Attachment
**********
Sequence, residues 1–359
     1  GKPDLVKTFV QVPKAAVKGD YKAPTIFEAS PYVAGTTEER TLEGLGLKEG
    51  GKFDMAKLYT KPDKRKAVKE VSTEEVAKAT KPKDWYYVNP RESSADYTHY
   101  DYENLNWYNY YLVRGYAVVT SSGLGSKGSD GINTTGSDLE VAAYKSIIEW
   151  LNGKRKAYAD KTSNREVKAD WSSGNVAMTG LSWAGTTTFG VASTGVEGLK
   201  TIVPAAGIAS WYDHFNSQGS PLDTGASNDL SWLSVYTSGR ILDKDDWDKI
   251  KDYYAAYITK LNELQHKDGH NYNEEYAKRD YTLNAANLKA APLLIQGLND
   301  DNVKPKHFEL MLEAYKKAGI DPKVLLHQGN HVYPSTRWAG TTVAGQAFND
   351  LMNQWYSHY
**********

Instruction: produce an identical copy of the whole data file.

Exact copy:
Sequence, residues 1–359
     1  GKPDLVKTFV QVPKAAVKGD YKAPTIFEAS PYVAGTTEER TLEGLGLKEG
    51  GKFDMAKLYT KPDKRKAVKE VSTEEVAKAT KPKDWYYVNP RESSADYTHY
   101  DYENLNWYNY YLVRGYAVVT SSGLGSKGSD GINTTGSDLE VAAYKSIIEW
   151  LNGKRKAYAD KTSNREVKAD WSSGNVAMTG LSWAGTTTFG VASTGVEGLK
   201  TIVPAAGIAS WYDHFNSQGS PLDTGASNDL SWLSVYTSGR ILDKDDWDKI
   251  KDYYAAYITK LNELQHKDGH NYNEEYAKRD YTLNAANLKA APLLIQGLND
   301  DNVKPKHFEL MLEAYKKAGI DPKVLLHQGN HVYPSTRWAG TTVAGQAFND
   351  LMNQWYSHY